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Open AccessArticle

Curcumin Mitigates Immune-Induced Epithelial Barrier Dysfunction by Campylobacter jejuni

1
Institute of Clinical Physiology/Nutritional Medicine, Medical Department, Division of Gastroenterology, Infectiology, Rheumatology, Charité–Universitätsmedizin Berlin, 12203 Berlin, Germany
2
Institute of Microbiology, Infectious Diseases and Immunology, Charité–Universitätsmedizin Berlin, Campus Benjamin Franklin, 14195 Berlin, Germany
3
Medical Department, Division of Gastroenterology, Infectiology and Rheumatology, Charité–Universitätsmedizin Berlin, 12203 Berlin, Germany
4
German Federal Institute for Risk Assessment (BfR), Department of Biological Safety, National Reference Laboratory for Campylobacter, 12277 Berlin, Germany
5
University of Veterinary Medicine Hannover, Research Center for Emerging Infections and Zoonoses, 30559 Hannover, Germany
6
Institute for Veterinary Food Science, Justus-Liebig-University, 35392 Giessen, Germany
*
Author to whom correspondence should be addressed.
Int. J. Mol. Sci. 2019, 20(19), 4830; https://doi.org/10.3390/ijms20194830
Received: 5 August 2019 / Revised: 19 September 2019 / Accepted: 26 September 2019 / Published: 28 September 2019
(This article belongs to the Special Issue The Tight Junction and Its Proteins: More Than Just a Barrier)
Campylobacter jejuni (C. jejuni) is the most common cause of foodborne gastroenteritis worldwide. The bacteria induce diarrhea and inflammation by invading the intestinal epithelium. Curcumin is a natural polyphenol from turmeric rhizome of Curcuma longa, a medical plant, and is commonly used in curry powder. The aim of this study was the investigation of the protective effects of curcumin against immune-induced epithelial barrier dysfunction in C. jejuni infection. The indirect C. jejuni-induced barrier defects and its protection by curcumin were analyzed in co-cultures with HT-29/B6-GR/MR epithelial cells together with differentiated THP-1 immune cells. Electrophysiological measurements revealed a reduction in transepithelial electrical resistance (TER) in infected co-cultures. An increase in fluorescein (332 Da) permeability in co-cultures as well as in the germ-free IL-10−/− mouse model after C. jejuni infection was shown. Curcumin treatment attenuated the C. jejuni-induced increase in fluorescein permeability in both models. Moreover, apoptosis induction, tight junction redistribution, and an increased inflammatory response—represented by TNF-α, IL-1β, and IL-6 secretion—was observed in co-cultures after infection and reversed by curcumin. In conclusion, curcumin protects against indirect C. jejuni-triggered immune-induced barrier defects and might be a therapeutic and protective agent in patients. View Full-Text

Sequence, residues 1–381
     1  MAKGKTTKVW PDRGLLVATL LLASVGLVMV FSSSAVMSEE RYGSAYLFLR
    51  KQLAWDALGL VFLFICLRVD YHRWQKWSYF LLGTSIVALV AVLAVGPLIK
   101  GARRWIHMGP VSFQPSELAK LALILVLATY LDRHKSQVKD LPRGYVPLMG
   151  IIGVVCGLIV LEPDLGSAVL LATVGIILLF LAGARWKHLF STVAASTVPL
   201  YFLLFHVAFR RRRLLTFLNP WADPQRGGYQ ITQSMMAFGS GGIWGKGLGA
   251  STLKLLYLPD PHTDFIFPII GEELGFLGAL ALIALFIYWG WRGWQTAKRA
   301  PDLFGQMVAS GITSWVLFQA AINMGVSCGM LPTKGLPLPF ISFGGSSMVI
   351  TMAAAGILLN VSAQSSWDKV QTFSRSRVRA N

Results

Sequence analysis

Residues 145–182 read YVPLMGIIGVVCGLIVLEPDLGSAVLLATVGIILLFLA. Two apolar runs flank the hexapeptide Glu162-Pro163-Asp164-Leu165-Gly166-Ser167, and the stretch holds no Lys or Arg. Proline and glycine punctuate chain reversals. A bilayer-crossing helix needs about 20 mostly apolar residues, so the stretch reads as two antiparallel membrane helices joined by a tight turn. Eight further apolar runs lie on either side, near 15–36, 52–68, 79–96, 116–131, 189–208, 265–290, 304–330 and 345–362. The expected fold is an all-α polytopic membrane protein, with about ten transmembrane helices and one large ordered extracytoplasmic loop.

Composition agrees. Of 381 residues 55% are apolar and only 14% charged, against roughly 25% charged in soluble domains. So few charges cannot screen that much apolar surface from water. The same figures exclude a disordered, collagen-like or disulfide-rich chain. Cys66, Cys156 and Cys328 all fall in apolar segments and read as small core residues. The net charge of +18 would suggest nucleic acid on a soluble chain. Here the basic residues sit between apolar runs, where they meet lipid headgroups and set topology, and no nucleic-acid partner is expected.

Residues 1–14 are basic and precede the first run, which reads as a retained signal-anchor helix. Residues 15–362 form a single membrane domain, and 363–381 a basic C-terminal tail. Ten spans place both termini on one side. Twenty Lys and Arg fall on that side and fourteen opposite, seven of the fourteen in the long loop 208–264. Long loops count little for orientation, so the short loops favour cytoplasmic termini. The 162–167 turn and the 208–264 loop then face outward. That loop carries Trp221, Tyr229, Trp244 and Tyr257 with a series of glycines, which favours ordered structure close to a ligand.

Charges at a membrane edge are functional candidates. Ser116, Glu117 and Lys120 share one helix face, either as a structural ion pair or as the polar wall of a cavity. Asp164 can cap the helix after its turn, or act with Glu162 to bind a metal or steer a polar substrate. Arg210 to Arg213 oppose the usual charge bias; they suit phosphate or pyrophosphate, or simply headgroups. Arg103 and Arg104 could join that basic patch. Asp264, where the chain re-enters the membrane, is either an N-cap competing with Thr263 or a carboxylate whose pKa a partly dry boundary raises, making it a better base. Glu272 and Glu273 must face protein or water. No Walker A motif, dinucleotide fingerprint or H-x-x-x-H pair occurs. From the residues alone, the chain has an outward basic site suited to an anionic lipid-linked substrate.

Keywords: Campylobacter jejuni; curcumin; tight junction; claudin; apoptosis; co-culture; mouse colon; cytokines; TNF; NFκB Campylobacter jejuni; curcumin; tight junction; claudin; apoptosis; co-culture; mouse colon; cytokines; TNF; NFκB
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Lobo de Sá, F.D.; Butkevych, E.; Nattramilarasu, P.K.; Fromm, A.; Mousavi, S.; Moos, V.; Golz, J.C.; Stingl, K.; Kittler, S.; Seinige, D.; Kehrenberg, C.; Heimesaat, M.M.; Bereswill, S.; Schulzke, J.-D.; Bücker, R. Curcumin Mitigates Immune-Induced Epithelial Barrier Dysfunction by Campylobacter jejuni. Int. J. Mol. Sci. 2019, 20, 4830.

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